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Epic backing off Google, urging hospital customers to oppose HHS data-sharing rules

by Thomas Dworetzky, Contributing Reporter | January 28, 2020
Business Affairs Health IT
Epic Systems is telling its customers that it is going to stop further integration with Google Cloud — putting more effort into Amazon Web Services and Microsoft Azure — and that they should oppose the HHS' interoperability proposal to make it “easier to share patient data,” according to CEO Judy Faulkner, who stated via an email to CEOs and presidents of the firms that, “we are concerned that health care costs will rise, that care will suffer, and that patients and their family members will lose control of their confidential health information,” according to CNBC.

The communication also stated that patient access was fully supported by her firm, and that patient data had been downloadable since 2010 and shareable via the internet by patients since 2017.

A letter of disapproval against the 2019 HHS-proposed rules — which would ease patient-data access and also allow access via application programming interfaces (APIs) — was included to sign.

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Faulkner has raised alarms about privacy issues that could come from the rules, especially API access. Advocates are pro-API because it will ease the problem of hospitals and doctors offices all being able to share records, and pushed back against healthcare data handlers like Epic.

Epic confirmed the letter was genuine to CNBC.

HHS said “a lot of energy” was put into getting the rules right. “We want the public to have computational right of access to health information so they can have control over apps of their choosing,” a spokesperson for the HHS Office of the National Coordinator for Health IT told the business news site.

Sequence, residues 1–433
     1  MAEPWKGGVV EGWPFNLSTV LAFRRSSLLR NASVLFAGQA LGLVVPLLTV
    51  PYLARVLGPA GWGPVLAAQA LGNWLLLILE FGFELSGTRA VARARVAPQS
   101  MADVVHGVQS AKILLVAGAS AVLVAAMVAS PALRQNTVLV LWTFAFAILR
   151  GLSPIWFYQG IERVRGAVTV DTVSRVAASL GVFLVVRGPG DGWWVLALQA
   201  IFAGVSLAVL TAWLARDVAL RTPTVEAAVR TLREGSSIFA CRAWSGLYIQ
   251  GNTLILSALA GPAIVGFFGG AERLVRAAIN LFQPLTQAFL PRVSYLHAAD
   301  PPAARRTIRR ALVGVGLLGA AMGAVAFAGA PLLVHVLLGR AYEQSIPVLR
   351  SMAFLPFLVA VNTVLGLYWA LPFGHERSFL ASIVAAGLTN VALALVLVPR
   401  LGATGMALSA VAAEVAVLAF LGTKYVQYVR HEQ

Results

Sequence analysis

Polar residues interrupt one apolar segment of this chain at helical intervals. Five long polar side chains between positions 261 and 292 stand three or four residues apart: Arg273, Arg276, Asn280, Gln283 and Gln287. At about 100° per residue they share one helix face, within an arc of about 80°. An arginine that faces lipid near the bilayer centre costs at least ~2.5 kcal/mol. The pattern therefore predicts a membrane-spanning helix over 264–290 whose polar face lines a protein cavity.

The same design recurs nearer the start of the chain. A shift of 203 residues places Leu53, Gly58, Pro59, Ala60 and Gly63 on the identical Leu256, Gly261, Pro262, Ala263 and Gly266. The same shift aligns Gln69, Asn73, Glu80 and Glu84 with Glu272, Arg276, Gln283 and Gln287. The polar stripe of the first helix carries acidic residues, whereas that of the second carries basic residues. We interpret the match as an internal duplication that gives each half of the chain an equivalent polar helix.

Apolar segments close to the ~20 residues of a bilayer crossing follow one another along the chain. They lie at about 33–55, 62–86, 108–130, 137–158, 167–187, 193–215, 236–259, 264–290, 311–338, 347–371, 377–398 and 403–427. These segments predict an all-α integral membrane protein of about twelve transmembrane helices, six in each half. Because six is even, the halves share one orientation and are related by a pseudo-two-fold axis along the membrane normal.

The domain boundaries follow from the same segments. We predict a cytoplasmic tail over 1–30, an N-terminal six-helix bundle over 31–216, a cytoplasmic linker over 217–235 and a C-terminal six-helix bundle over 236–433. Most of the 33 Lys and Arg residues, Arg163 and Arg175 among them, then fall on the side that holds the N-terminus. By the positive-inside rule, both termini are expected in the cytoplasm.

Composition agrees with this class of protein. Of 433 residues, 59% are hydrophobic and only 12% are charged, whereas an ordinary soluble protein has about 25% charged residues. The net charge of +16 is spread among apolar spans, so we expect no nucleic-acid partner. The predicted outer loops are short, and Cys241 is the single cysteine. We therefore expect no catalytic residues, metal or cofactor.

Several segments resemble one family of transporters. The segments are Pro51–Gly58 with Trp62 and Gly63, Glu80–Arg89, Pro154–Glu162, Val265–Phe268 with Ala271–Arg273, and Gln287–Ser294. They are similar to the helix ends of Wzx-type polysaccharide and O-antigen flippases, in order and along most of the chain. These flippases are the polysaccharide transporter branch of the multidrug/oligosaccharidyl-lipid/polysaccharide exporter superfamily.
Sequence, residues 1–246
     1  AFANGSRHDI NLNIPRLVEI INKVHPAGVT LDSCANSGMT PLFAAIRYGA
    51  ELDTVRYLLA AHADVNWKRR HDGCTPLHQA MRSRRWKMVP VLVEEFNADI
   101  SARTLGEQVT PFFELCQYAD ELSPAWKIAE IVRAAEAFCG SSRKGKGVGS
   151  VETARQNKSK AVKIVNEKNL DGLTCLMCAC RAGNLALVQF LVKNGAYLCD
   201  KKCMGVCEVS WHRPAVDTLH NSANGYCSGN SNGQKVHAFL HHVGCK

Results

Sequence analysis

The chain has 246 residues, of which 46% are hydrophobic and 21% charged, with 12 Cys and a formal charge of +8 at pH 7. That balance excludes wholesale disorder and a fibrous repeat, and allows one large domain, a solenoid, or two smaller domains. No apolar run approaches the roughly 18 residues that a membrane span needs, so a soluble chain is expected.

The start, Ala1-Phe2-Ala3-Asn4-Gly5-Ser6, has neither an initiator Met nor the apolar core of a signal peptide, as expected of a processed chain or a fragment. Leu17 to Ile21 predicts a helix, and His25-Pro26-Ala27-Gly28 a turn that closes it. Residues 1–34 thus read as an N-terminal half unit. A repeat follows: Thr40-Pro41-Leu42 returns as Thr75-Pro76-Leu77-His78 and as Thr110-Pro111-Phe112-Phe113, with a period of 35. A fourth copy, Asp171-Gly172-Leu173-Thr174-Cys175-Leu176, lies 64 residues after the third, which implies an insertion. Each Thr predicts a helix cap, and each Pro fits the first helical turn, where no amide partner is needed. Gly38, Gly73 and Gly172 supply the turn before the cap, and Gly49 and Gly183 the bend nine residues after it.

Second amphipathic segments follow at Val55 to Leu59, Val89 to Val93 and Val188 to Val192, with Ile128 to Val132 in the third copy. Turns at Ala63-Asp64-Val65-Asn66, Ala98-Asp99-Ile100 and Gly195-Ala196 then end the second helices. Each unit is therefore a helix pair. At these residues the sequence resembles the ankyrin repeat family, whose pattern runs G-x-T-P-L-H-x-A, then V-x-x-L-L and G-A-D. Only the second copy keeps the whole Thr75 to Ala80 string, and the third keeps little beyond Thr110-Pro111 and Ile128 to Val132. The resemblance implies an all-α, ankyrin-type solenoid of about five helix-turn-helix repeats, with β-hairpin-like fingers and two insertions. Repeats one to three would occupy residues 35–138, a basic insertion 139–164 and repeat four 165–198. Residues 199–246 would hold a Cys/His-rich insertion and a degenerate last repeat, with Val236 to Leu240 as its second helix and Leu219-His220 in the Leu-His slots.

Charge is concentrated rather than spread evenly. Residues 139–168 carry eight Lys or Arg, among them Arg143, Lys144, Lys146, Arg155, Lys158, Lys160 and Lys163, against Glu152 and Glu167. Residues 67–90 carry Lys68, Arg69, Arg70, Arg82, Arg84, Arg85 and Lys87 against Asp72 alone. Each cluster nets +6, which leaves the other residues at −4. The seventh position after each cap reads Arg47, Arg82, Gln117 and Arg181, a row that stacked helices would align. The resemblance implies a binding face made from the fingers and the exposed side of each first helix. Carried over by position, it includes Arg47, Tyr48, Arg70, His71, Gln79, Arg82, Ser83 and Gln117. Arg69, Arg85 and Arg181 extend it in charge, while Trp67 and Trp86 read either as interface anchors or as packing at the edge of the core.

Former White House chief technology officer Aneesh Chopra called the Epic email “unfortunate,” according to CNBC.

The Epic Google news is the latest in the search giant's wave-making moves in the healthcare data space, which made headlines when the Wall Street Journal reviewed them in detail in a mid-January piece called, “Inside Google’s Quest for Millions of Medical Records.”

“In just a few years, the company has achieved the ability to view or analyze tens of millions of patient health records in at least three-quarters of U.S. states, according to a Wall Street Journal analysis of contractual agreements,” the article stated, also noting that, “in certain instances, the deals allow Google to access personally identifiable health information without the knowledge of patients or doctors.”

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